“New Year Brings Tax Increases” shouts the headline in a local city newspaper last week! No one is immune, particularly if you are self-employed, or a person owning a business. Here on Salt Spring, we have a community of small and mid-size enterprises and many micro businesses that operate with the additional challenge of high seasonality.
Since most of the tax increase will be on business payrolls, your first thought may be to reduce payroll, downsize, try to sell, or just close the business. The self-employed, such as trades people who will be doubly impacted by the CPP tax increase, will likely choose the option of increasing their prices.
Instead, lets look at some creative ways to manage the tax impact and increase the long-term financial resilience of our businesses.
Creative strategies for the non-personnel components:
- Premises; right sized or not? Options might include getting smaller, sharing with another business, diversifying business with different product or service, becoming a mobile service, using home space for storage, or more
- Recognize the needs of, and cater to changing community demographics, particularly seniors.
- Evaluate cost of goods purchased to sell, reduce slow movers, look for source options and alternatives, volume buying, but remember to manage your inventory and capital; it must turn, for you to earn!
- Examine alternatives for reducing or restructuring cost of loans and unpaid credit card debts.
- Examine shared services concepts in transportation & shipping, storage, office services, communications, consider a call centre concept or manage messages with diligence and a reliable schedule
- Minimize need to, or frequency of, travel off island, change schedule or use increased volume buying, buy local when net costs are viable or close enough. Your time is valuable.
- Negotiate lower wholesale pricing from local businesses who can deliver to your business needs. Seek and use 30-day payment terms when offered and always use early payment discounts.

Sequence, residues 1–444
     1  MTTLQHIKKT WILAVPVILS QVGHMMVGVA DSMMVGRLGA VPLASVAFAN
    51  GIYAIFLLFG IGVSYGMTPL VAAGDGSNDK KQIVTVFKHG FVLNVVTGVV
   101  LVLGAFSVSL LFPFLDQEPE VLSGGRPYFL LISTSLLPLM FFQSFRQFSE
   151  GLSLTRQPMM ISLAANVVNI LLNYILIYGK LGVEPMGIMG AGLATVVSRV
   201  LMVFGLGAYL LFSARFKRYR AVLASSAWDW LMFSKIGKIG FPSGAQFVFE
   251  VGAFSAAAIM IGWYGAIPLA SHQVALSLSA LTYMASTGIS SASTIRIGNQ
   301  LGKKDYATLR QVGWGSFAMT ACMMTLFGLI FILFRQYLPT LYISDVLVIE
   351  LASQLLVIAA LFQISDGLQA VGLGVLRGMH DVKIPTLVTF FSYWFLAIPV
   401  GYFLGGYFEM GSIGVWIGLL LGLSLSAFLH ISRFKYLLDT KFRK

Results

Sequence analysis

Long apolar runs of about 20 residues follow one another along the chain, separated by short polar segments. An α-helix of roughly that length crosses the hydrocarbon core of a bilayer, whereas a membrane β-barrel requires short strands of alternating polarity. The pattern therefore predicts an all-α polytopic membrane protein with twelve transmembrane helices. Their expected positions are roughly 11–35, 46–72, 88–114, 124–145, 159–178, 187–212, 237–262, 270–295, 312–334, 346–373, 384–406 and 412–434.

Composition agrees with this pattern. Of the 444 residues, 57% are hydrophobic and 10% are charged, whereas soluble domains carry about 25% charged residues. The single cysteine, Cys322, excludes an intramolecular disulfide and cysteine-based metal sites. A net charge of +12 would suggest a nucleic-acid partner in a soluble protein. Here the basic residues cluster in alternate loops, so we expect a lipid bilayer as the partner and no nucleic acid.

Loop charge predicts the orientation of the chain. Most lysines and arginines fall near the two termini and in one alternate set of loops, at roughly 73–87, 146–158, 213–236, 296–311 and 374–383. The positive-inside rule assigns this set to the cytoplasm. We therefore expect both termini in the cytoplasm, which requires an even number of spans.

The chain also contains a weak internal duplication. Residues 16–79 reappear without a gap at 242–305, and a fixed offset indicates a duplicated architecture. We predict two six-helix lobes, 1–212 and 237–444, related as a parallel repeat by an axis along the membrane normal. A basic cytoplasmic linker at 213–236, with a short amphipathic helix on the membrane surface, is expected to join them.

- Go paperless, maximize electronic billing and launch automatic payments to your suppliers from direct debit or even better, use credit cards that offer a benefit such as “cash-back” and an additional 30 days to pay in full
- Reduce energy use, there are many options such as LED lighting, motion activation, remote control through internet, invest in solar alternatives, improved insulation, draft elimination and thermal windows
- Realize that reducing 7% PST expense is a satisfying and valuable component in many of the above strategies
Optimize personnel planning and alternatives:
- Re-examine hours of operation. Reducing hours where there is no negative impact on customer service can also lower energy costs in heat, lighting and machinery
- Small businesses are unlikely to have capacity or ability to employ large technological substitution for labour but have many smaller substitutions such as the paperless options (above). Employing an accounting program may ease the need for office assistance in basic bookkeeping, inventory management, payroll and invoicing tasks.
- Define the needs for employees and create specific employment PLAN if one does not exist. Keep it simple, specific, measurable and specify a financial budget or limits. “You can only manage what you can measure”
- In the PLAN, define 1) the needed accomplishments, 2) the specific tasks in a “daily checklist” for each/every employee or function.
- Explain the checklists to every employee and use them and review them every day
- Ensure that opportunities for multi-tasking and multi-accomplishing are specified
- Include steps for training or employee progression to a “next level” of responsibility and provide pay incentives for measurable, value – added accomplishments
- Grow the value, contributions and future of your employees. Recognize those who exceed the expectations of customers, those will be the ones who will allow you to retire someday!
- Build in feedback and communication mechanisms to ensure that all expectations may be clearly communicated, understood and later evaluated
The businesses who will fare the best through any change and challenge, will be those who face them head on, with creative strategies and the quest for long term beneficial outcomes and a renewed resilience. Planning will never let you down, create your future!
Written by: Jeremy Milsom
Originally published in The Gulf Island Driftwood